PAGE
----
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Int. J. Mol. Sci. 2012, 13(8), 9741-9753; doi:10.3390/ijms13089741

Article
Effects of Cyclooxygenase Inhibitors in Combination with Taxol on Expression of Cyclin D1 and Ki-67 in a Xenograft Model of Ovarian Carcinoma
Wei Li *, Jia-Hui Cai , Jun Zhang , Yun-Xian Tang and Liang Wan
Department of Gynecology, Nanjing Medical University of Hangzhou Hospital, 261 Huansha Road, Hangzhou 310006, Zhejiang, China; E-Mails: caijhgb@163.com (J.-H.C.); viola0116@163.com (J.Z.); tyxshuixian@163.com (Y.-X.T.); wanliang20069@126.com (L.W.)
*
Author to whom correspondence should be addressed; E-Mail: wei5901482@tom.com; Tel.: +86-571-87065701; Fax: +86-571-87914773.
; in revised form: 22 July 2012 / Accepted: 27 July 2012 /
Published: 3 August 2012

Abstract

: The present study was designed to investigate the effects of cyclooxygenase (COX) inhibitors in combination with taxol on the expression of cyclin D1 and Ki-67 in human ovarian SKOV-3 carcinoma cells xenograft-bearing mice. The animals were treated with 100 mg/kg celecoxib (a COX-2 selective inhibitor) alone, 3 mg/kg SC-560 (a COX-1 selective inhibitor) alone by gavage twice a day, 20 mg/kg taxol alone by intraperitoneally (i.p.) once a week, or celecoxib/taxol, SC-560/celecoxib, SC-560/taxol or SC-560/celecoxib/taxol, for three weeks. To test the mechanism of the combination treatment, the index of cell proliferation and expression of cyclin D1 in tumor tissues were determined by immunohistochemistry. The mean tumor volume in the treated groups was significantly lower than control (p < 0.05), and in the three-drug combination group, tumor volume was reduced by 58.27% (p < 0.01); downregulated cell proliferation and cyclin D1 expression were statistically significant compared with those of the control group (both p < 0.01). This study suggests that the effects of COX selective inhibitors on the growth of tumors and decreased cell proliferation in a SKOV-3 cells mouse xenograft model were similar to taxol. The three-drug combination showing a better decreasing tendency in growth-inhibitory effect during the experiment may have been caused by suppressing cyclin D1 expression.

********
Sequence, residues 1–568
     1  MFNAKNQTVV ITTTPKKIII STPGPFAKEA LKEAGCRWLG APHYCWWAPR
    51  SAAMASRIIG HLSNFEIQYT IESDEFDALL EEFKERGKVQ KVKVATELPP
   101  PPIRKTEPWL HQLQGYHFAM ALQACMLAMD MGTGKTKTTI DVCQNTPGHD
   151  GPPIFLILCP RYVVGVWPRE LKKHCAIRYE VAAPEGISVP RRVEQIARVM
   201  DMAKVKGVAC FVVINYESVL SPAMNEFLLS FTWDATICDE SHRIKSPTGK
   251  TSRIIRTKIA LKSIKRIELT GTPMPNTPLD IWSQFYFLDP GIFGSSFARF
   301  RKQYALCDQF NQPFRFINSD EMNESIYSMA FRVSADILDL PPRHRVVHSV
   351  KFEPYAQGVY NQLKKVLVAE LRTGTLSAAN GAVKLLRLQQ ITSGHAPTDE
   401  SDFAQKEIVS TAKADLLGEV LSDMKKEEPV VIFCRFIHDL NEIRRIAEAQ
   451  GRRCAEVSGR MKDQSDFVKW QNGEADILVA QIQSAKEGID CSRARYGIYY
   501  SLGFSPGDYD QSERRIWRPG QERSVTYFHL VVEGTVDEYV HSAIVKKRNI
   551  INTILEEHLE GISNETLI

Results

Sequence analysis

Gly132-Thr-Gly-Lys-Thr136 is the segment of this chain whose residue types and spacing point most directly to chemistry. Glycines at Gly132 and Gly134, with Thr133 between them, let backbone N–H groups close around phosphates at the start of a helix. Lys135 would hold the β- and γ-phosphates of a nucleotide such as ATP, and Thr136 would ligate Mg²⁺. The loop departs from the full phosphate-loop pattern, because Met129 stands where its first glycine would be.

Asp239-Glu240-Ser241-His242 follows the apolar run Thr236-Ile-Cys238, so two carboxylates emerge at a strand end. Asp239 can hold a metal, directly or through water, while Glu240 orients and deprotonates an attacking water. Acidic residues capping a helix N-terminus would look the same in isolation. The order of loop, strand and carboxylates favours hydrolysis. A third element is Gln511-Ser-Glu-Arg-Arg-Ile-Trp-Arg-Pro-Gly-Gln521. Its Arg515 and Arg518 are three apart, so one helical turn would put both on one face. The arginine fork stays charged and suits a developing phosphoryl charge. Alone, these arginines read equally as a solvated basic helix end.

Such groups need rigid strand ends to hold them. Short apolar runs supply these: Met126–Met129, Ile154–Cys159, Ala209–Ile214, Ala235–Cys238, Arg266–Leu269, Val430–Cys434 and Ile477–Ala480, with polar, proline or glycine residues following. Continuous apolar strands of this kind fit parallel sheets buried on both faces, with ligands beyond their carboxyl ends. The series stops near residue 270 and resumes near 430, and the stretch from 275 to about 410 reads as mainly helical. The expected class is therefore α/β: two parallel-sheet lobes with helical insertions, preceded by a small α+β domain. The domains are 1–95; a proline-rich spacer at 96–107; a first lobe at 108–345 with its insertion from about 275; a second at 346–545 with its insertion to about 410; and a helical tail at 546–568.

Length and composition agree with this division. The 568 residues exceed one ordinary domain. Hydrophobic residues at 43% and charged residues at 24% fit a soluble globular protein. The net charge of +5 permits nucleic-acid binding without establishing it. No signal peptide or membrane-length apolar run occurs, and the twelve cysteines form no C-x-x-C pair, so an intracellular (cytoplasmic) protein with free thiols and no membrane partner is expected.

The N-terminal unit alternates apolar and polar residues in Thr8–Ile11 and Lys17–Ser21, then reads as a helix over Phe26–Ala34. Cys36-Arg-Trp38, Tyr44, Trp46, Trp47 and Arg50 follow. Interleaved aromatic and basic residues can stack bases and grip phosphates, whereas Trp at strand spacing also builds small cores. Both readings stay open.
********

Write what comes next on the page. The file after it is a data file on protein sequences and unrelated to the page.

Keywords:
ovarian carcinoma; SC-560; celecoxib; taxol; cyclin D1; cell proliferation

1. Introduction

Ovarian cancer represents the leading cause of death among gynecological malignances, and because of its insidious onset, most women with this disease present with advanced stage disease at the time of diagnosis. Although the quality of cytoreductive surgery, as well as development of novel drugs and new chemotherapy regimens for ovarian cancer therapy have been improved, long-term survival rates for patients with advanced epithelial ovarian carcinoma remain disappointing, and ongoing efforts have aimed to develop more effective primary therapy [1]. Since the early 1990s, taxol has been used to treat ovarian cancers [2]. Taxol belongs to a family of microtubule-targeting drugs called the taxanes [3], which work by promoting assembly and stabilization of microtubules preventing depolymerization.